A few years have went by, and the band has honed it’s sound, and it’s lineup. Chet Gass, “The Boy Wonder”, is the band’s 24-year old musical genius. Not only does Gass play guitar, keyboards, Roger Troutman-style talk box, bass, & drums, he also recorded, engineered & mixed the band’s first album. “Chet one of the most talented musicians I’ve ever played with, and he’s also one of the hardest-working. He spent countless hours recording and mixing this record, and it sounds amazing” says Nicholson.
The band now includes Grammy nominated artist Jayar Mack (keyboards, lead and backing vocals) formerly with Latin Jazz group CINTRON, as well as Grammy-nominated lead vocalist Yaya Diamond, and Grammy-Nominated drummer Ray C Williams. Also included on the recording are Grammy-winning saxophonist Kenny Anderson, formerly with Miami Sound Machine and jazz trumpeter Arturo Sandoval.
The horn section is comprised of Chris Chiodo (trumpet) and Don Parker on trombone, a 15-year veteran of the circus. “Sarasota is the home of Ringling Brothers Circus, so it’s not uncommon to find horn players around here who have traveled the world, playing under the big top in large horn sections, so that definitely helps” says Nicholson.
After 3 years of playing covers, the band started to get the itch to write their own material. “We love funk, especially from the 70’s & 80’s: Earth, Wind & Fire, Tower of Power, Average White Band, Prince, Parliament Funkadelic, The Bar-Kays, The Isley Brothers, Commodores, Lakeside, Kool & The Gang, Zapp, Dazz Band, The Gap Band, James Brown, The Time, Rick James, etc. But we’ve noticed that when we play the more obscure funk covers, the audience doesn’t know the songs. So we figured if we’re going to play funk songs that nobody knows, they might as well be our own” laughs Nicholson. “Actually, the truth is, we feel like there’s an audience for this type of material worldwide. Bands like Earth, Wind & Fire and Tower of Power are still touring, playing to packed houses in Europe & Japan. And the music festival market in the U.S. is growing like crazy, and modern funk bands like Dumpstaphunk, Lettuce and Vulfpeck are the headliners.”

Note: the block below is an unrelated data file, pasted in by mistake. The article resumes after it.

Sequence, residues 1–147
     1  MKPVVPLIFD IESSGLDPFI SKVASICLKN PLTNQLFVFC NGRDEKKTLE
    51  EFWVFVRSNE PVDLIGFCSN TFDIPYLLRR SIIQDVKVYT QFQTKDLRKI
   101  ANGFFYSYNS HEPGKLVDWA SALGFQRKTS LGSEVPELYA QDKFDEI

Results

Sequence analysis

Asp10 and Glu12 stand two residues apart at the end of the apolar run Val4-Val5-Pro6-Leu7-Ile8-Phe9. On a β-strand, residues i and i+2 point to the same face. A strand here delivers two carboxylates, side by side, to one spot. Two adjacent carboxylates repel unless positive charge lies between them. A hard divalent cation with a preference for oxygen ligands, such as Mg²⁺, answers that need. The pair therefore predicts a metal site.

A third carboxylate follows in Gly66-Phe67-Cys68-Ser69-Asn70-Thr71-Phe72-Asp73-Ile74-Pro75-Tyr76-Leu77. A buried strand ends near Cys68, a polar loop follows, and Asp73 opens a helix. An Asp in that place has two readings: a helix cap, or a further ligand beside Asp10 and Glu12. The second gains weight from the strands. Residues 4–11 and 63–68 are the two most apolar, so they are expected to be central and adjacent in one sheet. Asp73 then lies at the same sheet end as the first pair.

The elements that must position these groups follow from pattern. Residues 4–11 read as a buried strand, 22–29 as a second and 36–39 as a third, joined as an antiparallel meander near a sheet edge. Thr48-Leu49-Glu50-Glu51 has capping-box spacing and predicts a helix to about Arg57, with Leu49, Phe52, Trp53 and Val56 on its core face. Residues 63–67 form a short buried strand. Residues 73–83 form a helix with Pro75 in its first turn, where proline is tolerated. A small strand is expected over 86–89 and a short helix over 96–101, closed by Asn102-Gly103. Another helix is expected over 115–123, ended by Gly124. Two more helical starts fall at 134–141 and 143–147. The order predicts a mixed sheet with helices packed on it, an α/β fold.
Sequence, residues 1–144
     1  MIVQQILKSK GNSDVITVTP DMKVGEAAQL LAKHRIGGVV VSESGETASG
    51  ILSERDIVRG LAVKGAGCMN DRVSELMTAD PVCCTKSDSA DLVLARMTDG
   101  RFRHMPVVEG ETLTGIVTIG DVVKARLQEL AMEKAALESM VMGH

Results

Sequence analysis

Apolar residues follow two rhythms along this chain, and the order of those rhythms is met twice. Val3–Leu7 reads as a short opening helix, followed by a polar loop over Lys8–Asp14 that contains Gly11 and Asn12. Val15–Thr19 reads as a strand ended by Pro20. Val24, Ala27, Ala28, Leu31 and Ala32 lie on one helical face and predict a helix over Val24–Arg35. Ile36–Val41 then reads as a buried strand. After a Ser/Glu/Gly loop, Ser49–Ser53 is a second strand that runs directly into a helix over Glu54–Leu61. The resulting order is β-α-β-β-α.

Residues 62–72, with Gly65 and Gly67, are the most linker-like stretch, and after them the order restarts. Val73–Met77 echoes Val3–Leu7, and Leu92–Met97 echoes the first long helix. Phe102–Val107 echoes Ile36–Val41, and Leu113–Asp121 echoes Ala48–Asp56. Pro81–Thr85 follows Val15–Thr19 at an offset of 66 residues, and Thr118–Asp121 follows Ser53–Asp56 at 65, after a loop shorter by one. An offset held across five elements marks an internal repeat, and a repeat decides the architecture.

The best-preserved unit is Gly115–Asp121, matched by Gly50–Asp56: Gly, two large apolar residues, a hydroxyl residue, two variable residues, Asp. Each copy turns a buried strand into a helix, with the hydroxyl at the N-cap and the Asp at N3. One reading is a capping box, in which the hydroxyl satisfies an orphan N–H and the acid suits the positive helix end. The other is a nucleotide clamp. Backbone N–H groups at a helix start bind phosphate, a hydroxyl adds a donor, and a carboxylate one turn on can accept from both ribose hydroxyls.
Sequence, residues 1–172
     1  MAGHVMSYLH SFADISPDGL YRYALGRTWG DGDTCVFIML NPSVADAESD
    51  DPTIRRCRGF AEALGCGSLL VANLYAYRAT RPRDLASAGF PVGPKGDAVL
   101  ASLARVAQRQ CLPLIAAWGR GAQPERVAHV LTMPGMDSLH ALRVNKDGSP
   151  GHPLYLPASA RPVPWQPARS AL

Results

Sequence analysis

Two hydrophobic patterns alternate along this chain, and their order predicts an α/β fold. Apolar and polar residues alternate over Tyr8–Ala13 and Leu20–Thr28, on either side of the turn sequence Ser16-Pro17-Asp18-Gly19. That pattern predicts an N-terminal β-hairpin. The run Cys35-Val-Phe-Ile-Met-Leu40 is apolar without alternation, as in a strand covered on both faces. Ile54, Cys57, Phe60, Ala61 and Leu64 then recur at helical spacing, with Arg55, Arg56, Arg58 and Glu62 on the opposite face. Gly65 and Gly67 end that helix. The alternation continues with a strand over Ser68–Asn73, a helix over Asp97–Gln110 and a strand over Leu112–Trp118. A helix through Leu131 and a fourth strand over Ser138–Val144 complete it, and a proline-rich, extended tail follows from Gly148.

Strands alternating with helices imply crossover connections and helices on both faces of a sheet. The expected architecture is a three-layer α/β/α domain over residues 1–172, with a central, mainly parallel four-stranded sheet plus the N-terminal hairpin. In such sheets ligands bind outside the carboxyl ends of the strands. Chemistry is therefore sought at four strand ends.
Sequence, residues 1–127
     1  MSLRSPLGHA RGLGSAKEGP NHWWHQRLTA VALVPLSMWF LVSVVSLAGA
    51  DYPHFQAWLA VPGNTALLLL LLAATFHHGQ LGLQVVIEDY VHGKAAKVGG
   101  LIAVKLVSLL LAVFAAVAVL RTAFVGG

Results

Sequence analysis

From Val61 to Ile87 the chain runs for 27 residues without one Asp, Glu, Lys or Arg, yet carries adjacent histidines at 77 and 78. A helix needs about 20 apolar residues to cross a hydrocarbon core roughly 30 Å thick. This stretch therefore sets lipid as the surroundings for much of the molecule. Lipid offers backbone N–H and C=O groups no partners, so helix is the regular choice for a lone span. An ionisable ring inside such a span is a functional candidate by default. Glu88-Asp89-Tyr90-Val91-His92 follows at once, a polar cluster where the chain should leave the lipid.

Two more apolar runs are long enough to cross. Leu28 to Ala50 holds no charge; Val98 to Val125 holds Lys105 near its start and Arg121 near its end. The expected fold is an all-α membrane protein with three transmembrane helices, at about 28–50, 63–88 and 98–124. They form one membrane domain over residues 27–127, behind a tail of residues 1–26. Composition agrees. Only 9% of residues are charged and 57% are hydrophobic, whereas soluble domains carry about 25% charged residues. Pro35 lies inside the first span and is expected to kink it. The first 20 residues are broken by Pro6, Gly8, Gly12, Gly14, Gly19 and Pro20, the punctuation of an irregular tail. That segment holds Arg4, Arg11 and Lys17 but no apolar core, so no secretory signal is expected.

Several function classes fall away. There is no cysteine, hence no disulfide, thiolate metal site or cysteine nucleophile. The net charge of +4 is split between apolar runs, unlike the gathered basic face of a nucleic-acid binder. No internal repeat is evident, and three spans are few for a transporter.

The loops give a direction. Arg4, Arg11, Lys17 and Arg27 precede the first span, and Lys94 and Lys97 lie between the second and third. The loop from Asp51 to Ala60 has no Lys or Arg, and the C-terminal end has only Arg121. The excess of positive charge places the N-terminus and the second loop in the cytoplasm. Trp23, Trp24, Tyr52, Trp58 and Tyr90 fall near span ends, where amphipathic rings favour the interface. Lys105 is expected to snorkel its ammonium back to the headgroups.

Even pop music is getting funkier. “One of the biggest hits of the last few years was Uptown Funk by Bruno Mars – a funk song with a horn section. Imagine that! Now with 24K Magic, with the talk box intro, and the Moog bass, Bruno is venturing into 80’s funk territory. Heck, we all know Robin Thicke’s “Blurred Lines” was a Marvin Gaye knockoff, and Daft Punk’s “Get Lucky” had Chic’s Nile Rogers’ funky guitar. I see pop music with a funky edge as definitely a positive thing.”